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Camp Jinka honored for innovative program

Posted on: 07/31/2011

Camp Jinka honored for innovative program

Summer camp open to children with relatives affected by brain tumors

Volunteers help campers search for fossils in a brook at Poricy Park in Middletown during a session of Camp Jinka, a camp for children and teens that have been affected by a loved one’s diagnosis of a brain tumor. Volunteers help campers search for fossils in a brook at Poricy Park in Middletown during a session of Camp Jinka, a camp for children and teens that have been affected by a loved one’s diagnosis of a brain tumor.The New Jersey Recreation and Parks Association has recognized local summer program Camp Jinka with its Innovative Program Award for providing respite and support to children with family members affected by brain tumors.

Camp Jinka is a free summer program offered by the David S. Zocchi Brain Tumor Center at Monmouth Medical Center in conjunction with the Jinka Foundation, Middletown Arts Center (MAC) and Poricy Park.

“Many kids have this experience [with illness] and can’t talk about it to people at school, because they just don’t get it, especially if they lose a loved one,” Jesse Chism, Jinka Foundation arts and education coordinator, said.

Chism said that Camp Jinka creates a comforting community for the affected children to connect with others who can relate to their hardship.

“If you talk about something and no one really can relate to you, it can be awkward, especially if you are a kid,” Chism said.

Chism said that she has seen the way the camp benefits youths, from children to teens, dealing with grief or the stresses of a brain tumor diagnosis for a loved one.

“We had campers from ages 5 to 16 last year, and the older kids just naturally attached themselves to the younger kids and formed this great relationship right in front of us,” she said.

While the camp does not claim to provide art therapy, Chism said, the therapeutic effects the campers provide each other are obvious and extensive.

“Just to see the kids talk about it openly and so comfortably, even a 5-year-old, is wonderful, to see them have the support that you know they’re not getting,” Chism said.


In addition to the emotional support, the camp provides a variety of creative activities through partnerships with local organizations. Chism said that MAC provides the camp with workspace and offers the use of its teachers for activities ranging from painting to video game design.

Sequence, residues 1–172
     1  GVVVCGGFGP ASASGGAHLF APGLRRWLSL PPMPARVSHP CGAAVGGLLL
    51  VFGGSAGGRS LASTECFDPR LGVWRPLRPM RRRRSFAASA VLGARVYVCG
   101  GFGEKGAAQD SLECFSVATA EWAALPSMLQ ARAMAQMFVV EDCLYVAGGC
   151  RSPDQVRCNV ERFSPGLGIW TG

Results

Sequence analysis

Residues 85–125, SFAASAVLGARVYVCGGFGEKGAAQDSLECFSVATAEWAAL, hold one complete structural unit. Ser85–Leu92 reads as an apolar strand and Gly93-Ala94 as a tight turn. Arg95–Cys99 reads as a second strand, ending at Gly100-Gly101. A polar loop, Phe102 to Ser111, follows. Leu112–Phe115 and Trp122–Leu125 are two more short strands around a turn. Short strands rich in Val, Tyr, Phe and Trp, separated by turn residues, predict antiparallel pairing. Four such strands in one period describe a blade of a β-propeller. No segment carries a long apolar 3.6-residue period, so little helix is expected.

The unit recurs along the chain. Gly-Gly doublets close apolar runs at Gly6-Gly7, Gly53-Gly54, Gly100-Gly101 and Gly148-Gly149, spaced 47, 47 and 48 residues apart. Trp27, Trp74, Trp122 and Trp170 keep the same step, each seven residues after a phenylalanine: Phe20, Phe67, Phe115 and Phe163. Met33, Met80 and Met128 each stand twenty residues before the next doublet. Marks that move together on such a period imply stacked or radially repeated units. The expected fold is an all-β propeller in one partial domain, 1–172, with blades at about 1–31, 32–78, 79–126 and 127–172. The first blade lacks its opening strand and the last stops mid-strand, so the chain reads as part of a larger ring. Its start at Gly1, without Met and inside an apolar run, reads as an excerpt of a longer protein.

Campers also participated in nature hikes and fossil hunting at Poricy Park last year, she said .

Now in its second year, Camp Jinka has doubled its session length from two to four weeks and expanded its programming, Chism said .

Chism said that campers will garden, practice yoga and take a trip to the Sunnyside Equestrian Center once this summer’s session begins on July 18.

As the arts and education coordinator, Chism said that she organizes the art classes and teachers, regularly communicates with the families and works to identify new families who could benefit from the camp.

Chism said the award would create valuable publicity for the camp and its mission and allow it to reach more families.

“Just getting our name out there and letting people know that we exist is the best part,” she said.

“It was really cool to be recognized, not just to get an award, but to know that we really impacted a lot of people and were able to help themget through this really tough time.”

Chism said the camp is open to anyone with a loved one diagnosed with a brain tumor and offers transportation to families in Monmouth and Ocean counties who might not be able to make the drive to Middletown.

Thework of the Jinka Foundation extends beyond the four weeks of camp in July and August.

“Everymonth we have an art class at Surf Taco in Belmar that the entire brain tumor community can come to, and we can make art and listen to live music,” Chism said.

In October an art exhibition at the MAC will showcase the creative efforts produced at these meetings and the summer camp.


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